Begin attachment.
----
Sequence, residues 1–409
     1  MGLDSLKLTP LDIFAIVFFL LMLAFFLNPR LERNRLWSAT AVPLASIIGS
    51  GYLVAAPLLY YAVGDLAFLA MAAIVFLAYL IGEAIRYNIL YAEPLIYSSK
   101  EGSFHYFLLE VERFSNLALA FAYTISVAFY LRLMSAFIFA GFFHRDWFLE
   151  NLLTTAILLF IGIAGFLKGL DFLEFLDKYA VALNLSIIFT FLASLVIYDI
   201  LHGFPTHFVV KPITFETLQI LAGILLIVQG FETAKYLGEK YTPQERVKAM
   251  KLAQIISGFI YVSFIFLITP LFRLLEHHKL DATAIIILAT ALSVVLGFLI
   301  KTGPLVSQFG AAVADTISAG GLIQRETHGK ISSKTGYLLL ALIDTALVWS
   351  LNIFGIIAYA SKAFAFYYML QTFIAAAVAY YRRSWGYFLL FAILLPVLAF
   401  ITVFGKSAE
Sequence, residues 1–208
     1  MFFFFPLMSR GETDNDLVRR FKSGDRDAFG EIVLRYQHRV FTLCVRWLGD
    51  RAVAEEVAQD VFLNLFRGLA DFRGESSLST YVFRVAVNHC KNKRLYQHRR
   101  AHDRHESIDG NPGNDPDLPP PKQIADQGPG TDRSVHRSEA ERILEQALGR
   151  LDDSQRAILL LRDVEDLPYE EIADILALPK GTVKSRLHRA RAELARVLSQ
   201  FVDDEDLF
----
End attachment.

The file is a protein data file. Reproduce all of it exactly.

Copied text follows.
Sequence, residues 1–409
     1  MGLDSLKLTP LDIFAIVFFL LMLAFFLNPR LERNRLWSAT AVPLASIIGS
    51  GYLVAAPLLY YAVGDLAFLA MAAIVFLAYL IGEAIRYNIL YAEPLIYSSK
   101  EGSFHYFLLE VERFSNLALA FAYTISVAFY LRLMSAFIFA GFFHRDWFLE
   151  NLLTTAILLF IGIAGFLKGL DFLEFLDKYA VALNLSIIFT FLASLVIYDI
   201  LHGFPTHFVV KPITFETLQI LAGILLIVQG FETAKYLGEK YTPQERVKAM
   251  KLAQIISGFI YVSFIFLITP LFRLLEHHKL DATAIIILAT ALSVVLGFLI
   301  KTGPLVSQFG AAVADTISAG GLIQRETHGK ISSKTGYLLL ALIDTALVWS
   351  LNIFGIIAYA SKAFAFYYML QTFIAAAVAY YRRSWGYFLL FAILLPVLAF
   401  ITVFGKSAE
Sequence, residues 1–208
     1  MFFFFPLMSR GETDNDLVRR FKSGDRDAFG EIVLRYQHRV FTLCVRWLGD
    51  RAVAEEVAQD VFLNLFRGLA DFRGESSLST YVFRVAVNHC KNKRLYQHRR
   101  AHDRHESIDG NPGNDPDLPP PKQIADQGPG TDRSVHRSEA ERILEQALGR
   151  LDDSQRAILL LRDVEDLPYE EIADILALPK GTVKSRLHRA RAELARVLSQ
   201  FVDDEDLF